With modern warfare, it’s a bit more understandable, since the U.S. is currently the most active western military force (I would think?), so there’s a certain synergy between what’s likely to happen in today’s world (U.S. fighting someone) and what sells well with the mainly American audience (playing as U.S. forces).

    Even so, it’s refreshing to see titles like CoD4 having you play primarily as SAS, even if they put in a few Marines segments near the start.

    (Also, is it just my imagination, or did CoD4 subtly condemn the stereotypical gung-ho U.S. approach by having their side of the campaign fail so badly? And perhaps even condemn the “no man left behind” approach by having your pausing to rescue a single downed chopper pilot cost you an entire chopper of troops, including said pilot?)

  38. Josh Mesmo says:

    @hirrLeto – “I would like to see more infantry on infantry fights that level the playing field a bit. Yet you have to admit, the new Brit units are much more exciting to use… diversity from the US forces and Marines modules may be a real selling point for people who do like this game…”

    The infantry game in Shock Force is the weakest point, though. How will these British be any different than the Americans, in game terms? They are equipped with 5.56mm small arms, the same as the Americans. There are no individual squad formations or orders other than run, shoot, hide, etc. What will the difference in practical terms be? I don’t understand your comment in the least? This can only be more of the same. And Shock Force is just like any other tactical game at this level – Squad leader, assault, MBT etc. – so completely overshadowed by what the tanks are doing that it doesn’t matter what the infantry does. Even the original Combat Mission had more options with what the infantry was able to do (Ambush, split squad (Syrian cant), melee, etc.) than the new CM does.

  39. burntfork says:

    Interestingly, the third module will include German units, including Leopard 2s. The scope for varience in terms of infantry is limited and vehicles tend to dominate any of these games. That is kind of their point though. The different vehicles and capabilities would make the British different to the US forces, as should the slightly different TO&E (Establishment in British parlance). There is definitely a distinct difference between US Army and US Marine Corps.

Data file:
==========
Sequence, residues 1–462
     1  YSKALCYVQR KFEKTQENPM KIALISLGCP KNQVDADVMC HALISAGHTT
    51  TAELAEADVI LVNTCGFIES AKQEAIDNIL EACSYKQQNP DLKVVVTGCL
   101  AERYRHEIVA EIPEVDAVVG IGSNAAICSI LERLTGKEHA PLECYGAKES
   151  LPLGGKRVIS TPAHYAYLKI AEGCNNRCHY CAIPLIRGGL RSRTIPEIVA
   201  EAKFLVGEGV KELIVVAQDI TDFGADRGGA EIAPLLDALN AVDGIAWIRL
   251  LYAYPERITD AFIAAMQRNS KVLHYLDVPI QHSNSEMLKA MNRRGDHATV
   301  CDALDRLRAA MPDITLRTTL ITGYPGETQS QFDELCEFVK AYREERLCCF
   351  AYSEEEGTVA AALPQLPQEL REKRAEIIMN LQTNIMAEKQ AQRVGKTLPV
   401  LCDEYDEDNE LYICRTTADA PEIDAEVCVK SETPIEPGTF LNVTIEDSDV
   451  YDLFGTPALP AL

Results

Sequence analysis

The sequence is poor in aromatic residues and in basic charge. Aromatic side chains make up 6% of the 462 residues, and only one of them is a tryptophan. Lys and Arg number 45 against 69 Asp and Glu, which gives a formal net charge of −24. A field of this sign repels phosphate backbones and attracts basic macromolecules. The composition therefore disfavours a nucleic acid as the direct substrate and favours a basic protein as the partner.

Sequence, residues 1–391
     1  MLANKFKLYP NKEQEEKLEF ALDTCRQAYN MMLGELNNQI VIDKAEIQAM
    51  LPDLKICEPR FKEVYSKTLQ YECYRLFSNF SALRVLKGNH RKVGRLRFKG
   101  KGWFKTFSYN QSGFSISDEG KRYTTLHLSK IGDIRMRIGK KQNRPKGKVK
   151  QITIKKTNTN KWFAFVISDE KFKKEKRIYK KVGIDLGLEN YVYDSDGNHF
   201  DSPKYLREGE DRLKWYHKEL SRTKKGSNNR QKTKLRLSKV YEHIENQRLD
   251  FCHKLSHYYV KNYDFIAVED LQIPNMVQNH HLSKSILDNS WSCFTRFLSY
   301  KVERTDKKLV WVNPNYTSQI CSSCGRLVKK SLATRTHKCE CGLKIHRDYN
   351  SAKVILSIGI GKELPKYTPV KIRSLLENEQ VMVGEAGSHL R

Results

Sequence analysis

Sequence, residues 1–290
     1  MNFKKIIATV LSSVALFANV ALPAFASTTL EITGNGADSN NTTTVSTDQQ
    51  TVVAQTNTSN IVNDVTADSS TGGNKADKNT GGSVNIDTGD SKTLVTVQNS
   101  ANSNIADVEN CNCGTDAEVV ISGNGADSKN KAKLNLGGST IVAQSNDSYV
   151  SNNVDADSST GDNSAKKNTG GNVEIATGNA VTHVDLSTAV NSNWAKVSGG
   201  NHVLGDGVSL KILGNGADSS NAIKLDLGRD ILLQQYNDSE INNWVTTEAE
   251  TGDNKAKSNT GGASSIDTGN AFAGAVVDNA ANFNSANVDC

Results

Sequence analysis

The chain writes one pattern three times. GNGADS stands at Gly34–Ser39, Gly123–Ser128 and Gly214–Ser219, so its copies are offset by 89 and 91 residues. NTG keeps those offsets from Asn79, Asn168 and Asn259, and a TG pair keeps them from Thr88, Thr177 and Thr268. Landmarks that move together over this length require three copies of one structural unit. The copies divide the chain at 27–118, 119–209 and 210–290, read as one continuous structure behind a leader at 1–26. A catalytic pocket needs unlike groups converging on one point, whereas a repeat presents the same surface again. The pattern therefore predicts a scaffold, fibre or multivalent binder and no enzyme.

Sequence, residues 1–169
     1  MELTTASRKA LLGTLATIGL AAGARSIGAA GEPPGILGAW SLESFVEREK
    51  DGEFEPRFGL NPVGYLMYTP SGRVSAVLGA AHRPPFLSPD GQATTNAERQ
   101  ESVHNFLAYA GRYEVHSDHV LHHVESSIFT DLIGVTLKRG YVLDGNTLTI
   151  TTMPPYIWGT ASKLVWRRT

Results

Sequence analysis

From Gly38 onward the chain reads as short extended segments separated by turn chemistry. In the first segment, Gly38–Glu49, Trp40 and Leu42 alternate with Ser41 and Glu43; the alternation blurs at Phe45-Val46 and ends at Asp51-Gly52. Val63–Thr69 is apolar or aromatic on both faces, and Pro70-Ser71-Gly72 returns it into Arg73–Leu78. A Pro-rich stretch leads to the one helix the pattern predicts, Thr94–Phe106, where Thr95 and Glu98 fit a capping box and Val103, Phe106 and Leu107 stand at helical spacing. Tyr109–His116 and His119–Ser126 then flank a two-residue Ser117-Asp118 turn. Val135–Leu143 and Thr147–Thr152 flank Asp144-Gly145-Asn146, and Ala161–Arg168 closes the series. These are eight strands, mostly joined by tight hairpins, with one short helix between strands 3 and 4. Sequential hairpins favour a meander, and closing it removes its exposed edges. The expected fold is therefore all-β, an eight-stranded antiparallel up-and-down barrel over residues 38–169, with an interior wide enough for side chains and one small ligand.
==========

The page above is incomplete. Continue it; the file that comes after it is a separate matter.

I have played a number of infantry-centric battles in CM:SF and there is a great deal of depth there. (Scenarios by “Paper Tiger” are rather good) The lack of commands is sometimes a bit annoying, but only rarely. It gets better with each patch though, just like the earlier series of games.

    I do not doubt that a few hundred or maybe thousand people disliked the turn that CM:SF took, (or rather the continuation of the established theme) but I would have thought that two years was long enough to get over it. In the mean time, tens of thousands of people like and play CM:SF. There is a demo available to try to see if you like it or not, and you can make your own decision from there.

  40. Serondal says:

    Is this game related at all to Close Combat?

  41. burntfork says:

    There may have been early comparisons, but no it isn’t.

  42. Josh Mesmo says:

    burntfork – you said that “while CM:SF may lack some of the refinements that we all dream about, it is in my mind without doubt a superior simulation than the CM:X1 series.”

    Now you say that the game’s differences are based on the tanks that are included, and that the infantry are all pretty much the same. (“The scope for varience in terms of infantry is limited and vehicles tend to dominate any of these games.”)

    Read what Steve himself said about the research on tanks:

    http://www.battlefront.com/community/showpost.php?p=953720&postcount=12

    Problem with all this stuff is we can only guess at what the values should be since nobody knows what the real values are. The information is classified and there are hardly any battlefield examples to draw upon and most of those are on much older models of Abrams. There are also no materials tests like those conducted during WWII to glean info from. It’s all “best guess” stuff.

    I think it is interesting that the “reality” you are so sure has been modelled “superior” to that in CMX1 (which drew heavily on the work of experts like Lorrin Bird, who studied WW II ballistics for decades) is really just science fiction. It may be good science fiction, but in the end – still fiction. And that’s from the developers’ own lips. That doesn’t mean it has to result in a bad game but don’t try and fool anyone into thinking that CM:SF can ever be any kind of realistic simulation of modern battlefield ballistics, since the developer himself stated flat out that it is impossible to do that, whereas CMX1 had far more data to draw on.

  43. burntfork says: